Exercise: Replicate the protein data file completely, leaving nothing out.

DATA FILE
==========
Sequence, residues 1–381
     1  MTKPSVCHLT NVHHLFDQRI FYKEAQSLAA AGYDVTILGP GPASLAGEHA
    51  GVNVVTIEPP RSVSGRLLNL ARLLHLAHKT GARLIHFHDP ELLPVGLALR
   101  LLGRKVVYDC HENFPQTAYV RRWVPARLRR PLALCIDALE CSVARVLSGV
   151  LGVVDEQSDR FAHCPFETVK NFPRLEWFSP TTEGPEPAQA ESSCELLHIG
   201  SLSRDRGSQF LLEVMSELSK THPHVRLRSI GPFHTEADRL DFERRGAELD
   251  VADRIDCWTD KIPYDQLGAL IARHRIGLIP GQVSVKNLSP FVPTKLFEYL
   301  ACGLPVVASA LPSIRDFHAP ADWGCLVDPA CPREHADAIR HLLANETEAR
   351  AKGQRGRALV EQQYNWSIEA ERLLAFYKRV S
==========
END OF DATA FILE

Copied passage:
Sequence, residues 1–381
     1  MTKPSVCHLT NVHHLFDQRI FYKEAQSLAA AGYDVTILGP GPASLAGEHA
    51  GVNVVTIEPP RSVSGRLLNL ARLLHLAHKT GARLIHFHDP ELLPVGLALR
   101  LLGRKVVYDC HENFPQTAYV RRWVPARLRR PLALCIDALE CSVARVLSGV
   151  LGVVDEQSDR FAHCPFETVK NFPRLEWFSP TTEGPEPAQA ESSCELLHIG
   201  SLSRDRGSQF LLEVMSELSK THPHVRLRSI GPFHTEADRL DFERRGAELD
   251  VADRIDCWTD KIPYDQLGAL IARHRIGLIP GQVSVKNLSP FVPTKLFEYL
   301  ACGLPVVASA LPSIRDFHAP ADWGCLVDPA CPREHADAIR HLLANETEAR
   351  AKGQRGRALV EQQYNWSIEA ERLLAFYKRV S